‘The industry has a profound impact on the world’s energy landscape; it is important that women have a direct hand in addressing global energy needs and sustainability, and they can do that by working in these fields,’ explains Heydarova.

‘First of all, the company should ensure equal opportunities for career advancement and leadership roles by creating a transparent and fair promotion process that rewards skills and qualifications, not gender,’ she explains. Heydarova suggests that the establishment of mentorship programs and support networks for women in the industry where mentors can offer guidance to female employees and a sense of belonging can be invaluable.

To help women balance offshore work with personal and family responsibilities, a company could offer flexible work arrangements such as remote options where feasible. Providing resources and support for managing family commitments while working offshore. This can include assistance with childcare arrangements and access to family counseling services.


‘Women should not hesitate to make their contributions visible and their achievements known to leadership.’

Despite the challenges of working in a male-dominated field, Heydarova would recommend the industry to other women. ‘The experience can be incredibly rewarding and personally transformative. The industry offers tons of opportunities for professional growth and advancement. It also encourages women to push the boundaries and break stereotypes, which can accelerate career progression,’ she says.


Thinking Ahead in Oil & Gas

Heydarova predicts the oil and gas industry will undergo significant transformation in the next 20 years, resulting in a greater emphasis on sustainability, renewable energy integration, and reduced carbon emissions. This will be reflective of the current global efforts to combat climate change.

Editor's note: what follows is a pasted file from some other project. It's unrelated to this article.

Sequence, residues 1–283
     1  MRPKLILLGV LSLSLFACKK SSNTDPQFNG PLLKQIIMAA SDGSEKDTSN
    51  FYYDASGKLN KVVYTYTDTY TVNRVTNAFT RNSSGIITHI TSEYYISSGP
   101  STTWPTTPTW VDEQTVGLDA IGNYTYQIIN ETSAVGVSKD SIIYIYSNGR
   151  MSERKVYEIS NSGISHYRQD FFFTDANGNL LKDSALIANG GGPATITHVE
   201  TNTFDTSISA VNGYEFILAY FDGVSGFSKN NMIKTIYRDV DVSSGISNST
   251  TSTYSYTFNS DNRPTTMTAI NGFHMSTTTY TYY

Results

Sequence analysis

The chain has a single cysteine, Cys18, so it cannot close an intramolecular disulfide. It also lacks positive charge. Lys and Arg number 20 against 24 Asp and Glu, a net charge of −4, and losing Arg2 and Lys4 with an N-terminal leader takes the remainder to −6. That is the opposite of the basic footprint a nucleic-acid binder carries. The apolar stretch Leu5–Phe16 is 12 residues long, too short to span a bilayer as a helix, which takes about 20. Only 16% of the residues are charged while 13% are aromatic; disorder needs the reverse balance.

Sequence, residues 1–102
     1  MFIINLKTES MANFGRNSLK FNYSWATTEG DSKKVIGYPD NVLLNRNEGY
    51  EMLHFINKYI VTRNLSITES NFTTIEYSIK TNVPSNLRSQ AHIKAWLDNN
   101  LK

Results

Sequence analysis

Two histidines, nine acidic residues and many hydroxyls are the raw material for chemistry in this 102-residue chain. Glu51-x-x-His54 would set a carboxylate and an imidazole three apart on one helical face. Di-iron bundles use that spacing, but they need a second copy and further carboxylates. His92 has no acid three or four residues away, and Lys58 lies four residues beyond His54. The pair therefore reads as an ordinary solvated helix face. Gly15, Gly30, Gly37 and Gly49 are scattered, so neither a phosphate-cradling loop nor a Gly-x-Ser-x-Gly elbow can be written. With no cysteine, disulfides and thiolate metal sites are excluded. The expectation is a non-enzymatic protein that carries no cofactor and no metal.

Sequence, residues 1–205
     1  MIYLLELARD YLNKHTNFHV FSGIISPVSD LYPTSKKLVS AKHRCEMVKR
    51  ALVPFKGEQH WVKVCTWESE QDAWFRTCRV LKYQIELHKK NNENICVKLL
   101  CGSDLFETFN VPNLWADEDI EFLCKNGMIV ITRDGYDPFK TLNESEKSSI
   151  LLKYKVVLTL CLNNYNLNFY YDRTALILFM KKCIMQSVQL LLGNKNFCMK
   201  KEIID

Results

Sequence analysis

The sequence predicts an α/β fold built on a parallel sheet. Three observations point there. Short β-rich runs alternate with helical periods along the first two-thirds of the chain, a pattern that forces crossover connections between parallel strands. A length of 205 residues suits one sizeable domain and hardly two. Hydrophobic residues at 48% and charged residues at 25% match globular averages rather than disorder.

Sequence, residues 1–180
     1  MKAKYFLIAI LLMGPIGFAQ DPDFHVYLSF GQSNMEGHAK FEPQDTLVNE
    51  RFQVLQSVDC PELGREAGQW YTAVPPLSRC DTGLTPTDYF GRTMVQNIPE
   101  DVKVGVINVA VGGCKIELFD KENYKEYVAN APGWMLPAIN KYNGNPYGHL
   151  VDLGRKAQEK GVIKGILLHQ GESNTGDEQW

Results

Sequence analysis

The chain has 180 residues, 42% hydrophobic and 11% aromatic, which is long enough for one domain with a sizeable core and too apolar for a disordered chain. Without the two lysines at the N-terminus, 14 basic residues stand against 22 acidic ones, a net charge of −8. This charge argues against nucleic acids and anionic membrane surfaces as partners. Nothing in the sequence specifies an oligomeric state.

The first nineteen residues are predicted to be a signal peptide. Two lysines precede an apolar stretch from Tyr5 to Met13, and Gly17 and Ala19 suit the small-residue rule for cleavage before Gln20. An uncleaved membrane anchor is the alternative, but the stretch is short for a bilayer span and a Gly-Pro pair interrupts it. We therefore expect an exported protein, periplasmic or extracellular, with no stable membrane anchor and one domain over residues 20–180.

‘The future of engineering careers in the oil and gas industry will evolve toward a more technology-driven and sustainable landscape. Engineers will be more focused on developing innovative solutions for cleaner energy production, enhanced automation, and improved environmental practices,’ she explains.

It will become key for an engineer working in the oil and gas industry to have a more diverse skillset. They will need to better fit the industry’s needs and remain a valuable asset while the transformation is ongoing. For this reason, Heydarova studied a master’s degree last year in sustainable energy and environmental management. This ensures she’s ready for the future of the industry.

From this, she has taken a role as a sustainability founder for the Sustainable Azerbaijan Community. ‘Through this initiative, I’m working to foster a sustainable mindset in Azerbaijan, advocating for environmentally responsible practices and promoting awareness about sustainability issues,’ she explains.


Passion & Dedication

In her current career as a well completion and intervention engineer, Heydarova recalls her proudest moment. ‘Delivering my first well was a defining moment where I understood the tiniest, but tangible impact, I had on the world’s energy supply and, more importantly,
on my country’s economy,’ she explains. Heydarova felt this to be a truly rewarding experience, seeing the direct results of her work in front of her.

This reinforced her sense of purpose in the industry and motivated her to continue making a positive impact on the global energy landscape. But in today’s unpredictable times, Heydarova finds it challenging to settle on a long-term goal in her career. ‘My goal is to shine brightly in my chosen field and approach my work with unwavering passion and dedication, whether the path leads to new challenges or opportunities, I aim to make a meaningful and positive impact on the world around me.’


For more information:
Follow Sariyya Heydarova on LinkedIn where she shares her thoughts on industry, education and sustainability.